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The Slave Next Door: Human Trafficking and Slavery in America Today

The Slave Next Door: Human Trafficking and Slavery in America Today
Author: Kevin Bales - Ron Soodalter
ISBN 13: 9780520268661
ISBN 10: 520268660
Edition: 2
Publisher: University of California Press
Publication Date: 2010-08-23
Format: Paperback
Pages: 336
List Price: $24.95

"Once again, Kevin Bales and Ron Soodalter make us confront a tragic reality—there are as many as 27 million people trapped in modern slavery worldwide.
In this book, we hear the voices of survivors and those who are fighting every day for freedom."—Congressman John Conyers, Jr., Chair of the House Judiciary Committee

"Most Americans believe that slavery in our country ended with the Emancipation Proclamation. They are wrong. As Kevin Bales and Ron Soodalter document in this excellent volume, human bondage is a reality for thousands of children, women and men living in the United States. The Slave Next Door exposes slavery in today's America in all its forms, and sounds a call to arms to government, corporations, and private citizens alike."—Kerry Kennedy, Founder, Robert F. Kennedy Center for Human Rights

"This is a book to make you angry. From Florida field workers who pick some of the fruits and vegetables we eat to prisoners in China who make desk lamps we can buy at Wal-Mart, Bales and Soodalter show us the manifold ways that unfree labor is woven into the American economy. And, most important, they show us what we can do to stop it."—Adam Hochschild, author of Bury the Chains and King Leopold's Ghost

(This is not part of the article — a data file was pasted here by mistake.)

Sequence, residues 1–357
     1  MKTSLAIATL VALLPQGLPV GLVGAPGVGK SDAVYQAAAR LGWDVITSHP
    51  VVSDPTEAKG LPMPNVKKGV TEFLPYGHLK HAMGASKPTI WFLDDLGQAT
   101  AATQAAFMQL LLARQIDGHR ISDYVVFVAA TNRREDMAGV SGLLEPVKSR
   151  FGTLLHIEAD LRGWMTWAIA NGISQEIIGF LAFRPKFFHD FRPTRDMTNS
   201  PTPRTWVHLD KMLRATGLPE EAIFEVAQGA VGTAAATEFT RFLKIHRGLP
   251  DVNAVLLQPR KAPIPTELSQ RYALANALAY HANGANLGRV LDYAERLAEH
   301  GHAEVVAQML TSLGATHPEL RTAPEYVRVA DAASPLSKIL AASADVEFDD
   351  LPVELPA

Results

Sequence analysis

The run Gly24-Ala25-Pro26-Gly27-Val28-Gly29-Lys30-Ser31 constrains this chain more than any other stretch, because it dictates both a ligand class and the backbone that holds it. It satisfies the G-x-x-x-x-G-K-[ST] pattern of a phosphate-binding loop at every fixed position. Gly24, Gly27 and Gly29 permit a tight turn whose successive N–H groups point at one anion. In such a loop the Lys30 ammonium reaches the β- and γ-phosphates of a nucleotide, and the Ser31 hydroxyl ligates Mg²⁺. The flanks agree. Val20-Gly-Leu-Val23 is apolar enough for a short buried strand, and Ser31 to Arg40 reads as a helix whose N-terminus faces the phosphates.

Publishers Weekly

Although most people imagine widespread enslavement only in the historical past, human trafficking continues to exist today in myriad forms around the world. In this informative call to action, Bales (Disposable People), sociologist and president of Free the Slaves, and Soodalter (Hanging Captain Gordon), a historian, document routine coercive slave labor in domestic service, prostitution, farm labor, factories, light industry, prisons and mining operations. While many sensational cases have been well publicized, the authors demonstrate that slavery exists in mundane and unexpected forms. Their case studies begin in an American suburb and traverse the globe to urban China and rural Ghana, returning to Los Angeles, Calif., and East Orange, N.J., just a few of 100-plus documented cases in the U.S. The second half of the book focuses on causes and solutions, with a helpful emphasis on how ordinary individuals can recognize and report coercive situations, creating a humane and helpful primer on how to sever the links that create and hide human bondage. (July)

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